Shanghai set to launch international board in 2011

Updated: 2010-12-03 13:43

By Li Xiang and Zhou Yan (China Daily European Weekly)

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An international board in Shanghai looks set to be launched next year, with top Chinese officials predicting international companies will find it simple to be listed.

Fang Xinghai, director-general of Shanghai's financial service office, said the board will be launched "some time next year, hopefully".

Fang told a financial forum in Shanghai on Dec 1 that approval procedures for overseas companies seeking listing on the board will be made simpler and faster than for domestic companies.

"We will not let companies feel that they have to endure unacceptable procedures," he said, responding to questions that listing procedures on the China's stock market are cumbersome.

Speculation is rife the Chinese government may use excessive liquidity as an opportunity to build the fundraising capacity of the city - in the form of setting up an international board to accommodate overseas companies.

The China Securities Regulatory Commission (CSRC) said earlier this year that overseas companies could list on the new board through initial public offerings (IPO) or depositary receipts traded on Chinese stock exchanges.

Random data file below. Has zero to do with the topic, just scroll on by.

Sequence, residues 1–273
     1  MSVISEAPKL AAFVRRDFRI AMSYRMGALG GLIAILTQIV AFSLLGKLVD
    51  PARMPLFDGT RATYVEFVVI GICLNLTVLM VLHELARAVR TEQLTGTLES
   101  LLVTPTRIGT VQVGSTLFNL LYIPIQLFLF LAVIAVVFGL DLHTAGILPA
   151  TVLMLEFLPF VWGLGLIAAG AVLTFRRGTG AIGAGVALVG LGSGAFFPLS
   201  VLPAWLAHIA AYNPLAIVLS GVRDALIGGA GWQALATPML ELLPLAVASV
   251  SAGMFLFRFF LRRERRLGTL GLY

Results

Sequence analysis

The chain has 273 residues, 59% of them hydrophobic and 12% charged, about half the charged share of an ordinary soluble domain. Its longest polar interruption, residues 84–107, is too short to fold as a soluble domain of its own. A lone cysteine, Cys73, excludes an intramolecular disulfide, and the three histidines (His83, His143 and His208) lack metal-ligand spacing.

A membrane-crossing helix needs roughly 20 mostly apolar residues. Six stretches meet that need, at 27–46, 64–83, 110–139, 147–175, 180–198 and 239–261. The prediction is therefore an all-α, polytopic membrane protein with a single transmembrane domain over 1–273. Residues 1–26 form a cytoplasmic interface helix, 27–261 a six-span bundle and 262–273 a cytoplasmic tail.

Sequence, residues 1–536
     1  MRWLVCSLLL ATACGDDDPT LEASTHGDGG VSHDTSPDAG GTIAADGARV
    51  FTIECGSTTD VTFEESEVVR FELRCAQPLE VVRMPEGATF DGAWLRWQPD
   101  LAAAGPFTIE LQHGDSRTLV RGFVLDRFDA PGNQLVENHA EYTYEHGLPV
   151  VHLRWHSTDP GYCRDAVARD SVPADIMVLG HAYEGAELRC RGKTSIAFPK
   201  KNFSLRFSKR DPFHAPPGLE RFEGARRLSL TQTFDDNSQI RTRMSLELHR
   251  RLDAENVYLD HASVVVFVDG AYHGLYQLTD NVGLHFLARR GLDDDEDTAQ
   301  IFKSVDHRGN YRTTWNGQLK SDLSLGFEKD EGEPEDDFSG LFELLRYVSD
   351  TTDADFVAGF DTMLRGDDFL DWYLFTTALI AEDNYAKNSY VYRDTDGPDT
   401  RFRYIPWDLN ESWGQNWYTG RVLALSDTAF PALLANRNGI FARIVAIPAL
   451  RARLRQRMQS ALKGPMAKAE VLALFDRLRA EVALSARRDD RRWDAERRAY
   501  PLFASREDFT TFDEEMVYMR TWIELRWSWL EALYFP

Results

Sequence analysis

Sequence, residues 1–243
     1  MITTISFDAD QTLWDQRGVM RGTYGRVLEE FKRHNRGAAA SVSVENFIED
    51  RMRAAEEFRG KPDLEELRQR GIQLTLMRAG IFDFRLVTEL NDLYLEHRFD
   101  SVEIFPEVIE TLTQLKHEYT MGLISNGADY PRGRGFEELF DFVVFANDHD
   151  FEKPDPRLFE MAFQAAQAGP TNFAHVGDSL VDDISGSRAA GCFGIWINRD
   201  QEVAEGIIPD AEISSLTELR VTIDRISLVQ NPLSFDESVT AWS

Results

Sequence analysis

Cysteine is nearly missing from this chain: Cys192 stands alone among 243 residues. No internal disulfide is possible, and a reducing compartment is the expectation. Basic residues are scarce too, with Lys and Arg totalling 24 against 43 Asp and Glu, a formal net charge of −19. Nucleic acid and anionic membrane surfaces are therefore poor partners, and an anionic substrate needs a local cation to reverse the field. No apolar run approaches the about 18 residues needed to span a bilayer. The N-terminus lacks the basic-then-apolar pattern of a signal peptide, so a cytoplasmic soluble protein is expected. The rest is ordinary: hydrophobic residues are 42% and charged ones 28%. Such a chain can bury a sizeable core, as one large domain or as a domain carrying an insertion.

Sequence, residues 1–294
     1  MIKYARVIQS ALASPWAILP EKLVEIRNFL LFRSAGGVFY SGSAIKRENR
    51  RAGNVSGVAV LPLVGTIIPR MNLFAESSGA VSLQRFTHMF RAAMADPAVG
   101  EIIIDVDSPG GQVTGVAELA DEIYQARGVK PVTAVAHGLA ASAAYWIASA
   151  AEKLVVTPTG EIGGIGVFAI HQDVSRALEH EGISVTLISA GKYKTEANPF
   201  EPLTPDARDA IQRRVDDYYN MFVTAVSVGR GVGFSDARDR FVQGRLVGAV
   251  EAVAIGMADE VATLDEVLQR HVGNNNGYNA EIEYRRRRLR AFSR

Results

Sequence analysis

The CSRC is also exploring the possibility of overseas companies issuing yuan-denominated bonds and other debt instruments.

The new board is considered a key step in making Shanghai an international financial center as well as broadening investment channels for China's growing yuan savings and making the A-share market internationally competitive.

Its launch is being widely watched as it could draw a string of multinational companies, including HSBC, Coca-Cola, General Electric and Walmart to the mainland fundraising pool.

Chinese red-chip companies, such as China Mobile, with businesses in the mainland but are listed in Hong Kong, are also expected to return to the A-share market through the new board.

The listing of foreign and red-chip companies will also provide legal, accounting and securities firms with business opportunities and new revenue streams.

Industry insiders said Fang's comment is the first from a top Chinese official, after almost half a year of silence. His comments come after the central bank in Beijing called for a speedier launch of the international board, which could be used as a pool for hot money hedging.

Ma Delun, deputy governor of the People's Bank of China, said the central bank hopes the international board will be launched as soon as possible, adding that market and industry demand for the board is real.

Zhou Xiaochuan, the central bank's governor, recently put forward the idea of constructing a "pool" to accommodate inflowing speculative capital, or "hot money", a move interpreted as a prelude to an array of policies to contain rising inflation and asset bubbles.

Controlling fund liquidity may be a difficult task. By the end of September, the country's broad money supply, or M2, had reached nearly 70 trillion yuan (8 billion euros), more than double last year's GDP of 33.54 trillion yuan.

The government is set to take more measures to manage excessive liquidity, besides regular monetary policies such as increasing interest rates and bank reserve requirement ratios.

Zhang Ran contributed to this story.


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